Just As I Thought

Family values

There’s an interesting article in today’s Washington Post about Kevin Phillips, a longtime Republican and former Nixon aide, who bemoans the rise to power of the Bush family:

“I’ve never understood why we take Bush and his family seriously,” he says. “They come from the investment-inherited-money wing of the Republican Party. They display no real empathy for anyone who is not of their class.”

He pauses a few seconds as his fingers execute a tap dance on his picnic table.

“They aren’t supply-siders; they’re crony-siders. As far as I’m concerned, I would put Bush on a slow boat to China with all full warning to the Chinese submarine fleet.”

Silence again. Phillips sits on his back porch and looks at you from under hooded eyes, with only the vaguest hint of a chipmunk smile. He’s a curious cat, this 63-year-old Nixon-era Republican populist. His best-selling, muckraking book on the family that has held the presidency for eight of the past 16 years, “American Dynasty: Aristocracy, Fortune and the Politics of Deceit in the House of Bush,” is a sustained rummage through the Bush family closet. He pulls out all manner of files on the early Bushes and the Walker branch of the family, and their dealings with post-World War I German industrialists and post-World War II Saudi princelings. And he draws a bright connecting line between those wheeler-dealer financiers and their Texas-lite descendants.

Phillips’s bottom line is unsparing. He describes the Bushes as second-tier New England monied types who made the strategic move from Greenwich, Conn., to Midland, Tex., just as the nation’s power pendulum took a southern swing. This was not a particularly daring strike into the interior. Rather, like proper Wall Street capitalists, the Bushes and many other financier families had sniffed the scent of sweet cash and sent a relative or two to investigate.

Texas, Phillips writes, “represented one of the century’s great American wealth opportunities.”

The Bushes settled in a west Texas city that, far from being the cowboy wildcatter’s paradise of political myth, was a leafy enclave thick with Ivy League scions, street names such as Princeton and Harvard, and enough Wall Street gilt to keep everyone in country club fees.

… Phillips elaborates on this critique during an interview. “George W. is the first president to come directly out of the oil industry, even if he was a failure at the actual business of looking for it,” he says. “And who did he pick as his vice president? Another man from the oil industry. It’s astonishing that nobody really questions the implications of this.”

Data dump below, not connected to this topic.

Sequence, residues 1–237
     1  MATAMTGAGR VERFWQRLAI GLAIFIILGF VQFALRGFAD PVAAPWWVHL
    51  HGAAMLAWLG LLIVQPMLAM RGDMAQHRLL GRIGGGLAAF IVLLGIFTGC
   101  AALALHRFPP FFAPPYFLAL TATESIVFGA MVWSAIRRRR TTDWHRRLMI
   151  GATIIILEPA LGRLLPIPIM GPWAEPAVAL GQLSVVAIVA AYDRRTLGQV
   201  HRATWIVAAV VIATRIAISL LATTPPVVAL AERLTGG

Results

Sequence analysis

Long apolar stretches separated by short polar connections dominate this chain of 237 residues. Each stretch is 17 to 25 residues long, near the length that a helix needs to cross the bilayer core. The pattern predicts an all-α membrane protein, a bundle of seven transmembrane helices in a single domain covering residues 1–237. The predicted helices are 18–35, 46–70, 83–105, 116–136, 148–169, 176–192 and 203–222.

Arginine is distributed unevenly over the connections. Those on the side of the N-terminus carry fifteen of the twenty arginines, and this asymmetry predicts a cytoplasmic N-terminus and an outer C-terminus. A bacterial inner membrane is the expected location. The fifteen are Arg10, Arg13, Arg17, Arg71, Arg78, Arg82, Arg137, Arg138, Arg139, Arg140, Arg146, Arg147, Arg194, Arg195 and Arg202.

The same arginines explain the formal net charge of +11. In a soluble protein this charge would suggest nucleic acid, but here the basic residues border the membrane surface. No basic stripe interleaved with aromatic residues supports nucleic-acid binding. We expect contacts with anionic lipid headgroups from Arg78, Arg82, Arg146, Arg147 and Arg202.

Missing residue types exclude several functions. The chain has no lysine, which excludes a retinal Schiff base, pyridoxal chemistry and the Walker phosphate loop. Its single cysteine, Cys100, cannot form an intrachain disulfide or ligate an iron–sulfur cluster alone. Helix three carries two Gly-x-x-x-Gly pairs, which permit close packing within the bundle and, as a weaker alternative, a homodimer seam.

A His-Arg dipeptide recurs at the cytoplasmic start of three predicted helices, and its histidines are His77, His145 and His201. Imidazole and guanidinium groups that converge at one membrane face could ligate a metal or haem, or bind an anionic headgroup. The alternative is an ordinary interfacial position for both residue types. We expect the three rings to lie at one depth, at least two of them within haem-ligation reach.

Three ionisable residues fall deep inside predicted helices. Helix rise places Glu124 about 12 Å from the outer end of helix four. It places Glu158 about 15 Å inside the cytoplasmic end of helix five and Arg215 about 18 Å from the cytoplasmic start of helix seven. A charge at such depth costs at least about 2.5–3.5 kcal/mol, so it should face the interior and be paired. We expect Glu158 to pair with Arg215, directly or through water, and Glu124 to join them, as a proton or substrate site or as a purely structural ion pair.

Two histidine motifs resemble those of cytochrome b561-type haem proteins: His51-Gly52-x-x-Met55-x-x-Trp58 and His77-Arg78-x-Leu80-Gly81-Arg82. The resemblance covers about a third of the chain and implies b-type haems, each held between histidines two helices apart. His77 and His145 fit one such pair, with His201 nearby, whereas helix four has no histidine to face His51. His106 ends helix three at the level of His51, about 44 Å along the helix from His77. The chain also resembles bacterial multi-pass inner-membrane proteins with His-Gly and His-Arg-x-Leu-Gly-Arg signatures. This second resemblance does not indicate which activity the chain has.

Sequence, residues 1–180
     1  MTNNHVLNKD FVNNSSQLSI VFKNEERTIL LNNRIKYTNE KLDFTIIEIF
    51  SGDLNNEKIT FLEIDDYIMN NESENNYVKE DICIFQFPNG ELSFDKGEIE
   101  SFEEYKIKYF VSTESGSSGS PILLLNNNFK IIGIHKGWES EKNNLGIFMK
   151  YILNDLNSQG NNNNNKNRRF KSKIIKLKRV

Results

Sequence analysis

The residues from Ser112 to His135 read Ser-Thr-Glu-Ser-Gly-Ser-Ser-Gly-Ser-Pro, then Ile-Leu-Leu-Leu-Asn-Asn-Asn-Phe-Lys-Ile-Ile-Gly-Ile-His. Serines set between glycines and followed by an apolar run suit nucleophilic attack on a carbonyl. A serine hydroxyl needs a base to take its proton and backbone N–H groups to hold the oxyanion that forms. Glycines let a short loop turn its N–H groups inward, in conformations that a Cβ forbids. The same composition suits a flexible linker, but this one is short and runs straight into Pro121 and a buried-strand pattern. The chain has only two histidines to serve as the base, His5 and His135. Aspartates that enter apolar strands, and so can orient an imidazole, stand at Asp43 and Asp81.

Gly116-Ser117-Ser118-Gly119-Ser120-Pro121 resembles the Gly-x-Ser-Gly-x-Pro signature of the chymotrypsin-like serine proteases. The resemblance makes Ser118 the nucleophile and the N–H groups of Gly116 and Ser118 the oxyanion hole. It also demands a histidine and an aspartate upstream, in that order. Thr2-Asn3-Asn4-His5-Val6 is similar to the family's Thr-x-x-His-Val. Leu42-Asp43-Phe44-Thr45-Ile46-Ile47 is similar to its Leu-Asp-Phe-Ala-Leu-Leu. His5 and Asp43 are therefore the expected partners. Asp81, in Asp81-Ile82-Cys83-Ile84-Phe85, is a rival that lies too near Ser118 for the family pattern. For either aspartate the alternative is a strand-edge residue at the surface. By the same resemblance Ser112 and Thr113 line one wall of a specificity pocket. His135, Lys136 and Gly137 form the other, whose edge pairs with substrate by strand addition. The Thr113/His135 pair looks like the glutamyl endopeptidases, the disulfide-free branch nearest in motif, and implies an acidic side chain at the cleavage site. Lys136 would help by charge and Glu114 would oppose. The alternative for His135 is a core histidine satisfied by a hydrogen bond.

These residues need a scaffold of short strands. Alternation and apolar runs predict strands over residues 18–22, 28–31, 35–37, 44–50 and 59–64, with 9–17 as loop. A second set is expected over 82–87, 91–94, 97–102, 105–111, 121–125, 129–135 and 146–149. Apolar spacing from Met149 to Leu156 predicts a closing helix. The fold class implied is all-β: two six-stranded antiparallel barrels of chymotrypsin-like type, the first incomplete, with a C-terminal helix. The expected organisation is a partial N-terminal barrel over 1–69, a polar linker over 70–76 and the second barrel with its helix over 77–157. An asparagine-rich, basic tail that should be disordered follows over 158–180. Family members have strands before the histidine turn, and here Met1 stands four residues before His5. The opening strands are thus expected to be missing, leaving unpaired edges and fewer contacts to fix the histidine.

It’s a righteous rap, and the sort of angry and richly detailed critique that one might expect from any number of left-liberal luminaries working the Bush-Just-Might-Signal-the-End-of-the-World circuit. These authors and filmmakers are the toast of Santa Monica and Madison and Cambridge and Montclair and Burlington, and they fire up the Democratic faithful. Except that Phillips doesn’t remotely hail from there.

He’s a New Yorker, yes, but also a Republican born and bred, a kid who couldn’t stand that liberal Republican Nelson Rockefeller. He penned “The Emerging Republican Majority” in 1969, one of the first books to argue that the Sunbelt could catapult the Republicans to national power. And he locates the source of his populist scorn for Bush not in the polemics of the left but in the politics of his hero, Dwight Eisenhower. The former general was a politician who embraced a top marginal tax rate of 90 percent, who warned of the abuses of the military-industrial complex and who — in Phillips’s telling — had little use for the country club Republican set.

… What bothers him is that generation after generation of Bushes are so unwilling to transcend their class interests.

“An old buccaneer and bootlegger like Joe Kennedy became an SEC head for Roosevelt and cracked down on his own class,” Phillips says, adding: “The Bush family would just appoint a Gucci-shoe-licking sycophant. The family has simply developed a culture of being enormously supportive of their class.”

Even the president’s Texas twang grates on Phillips, whose own accent is clipped and clear and, we must note, a tad patrician. “Listen to them! Assemble the very best panel of linguists you could find and have them listen to brothers Jeb and G.W. — they wouldn’t even guess they’re in the same family,” Phillips says. “G.W. talks like a cowboy and he’s no more a backwoods Texan than I am.”

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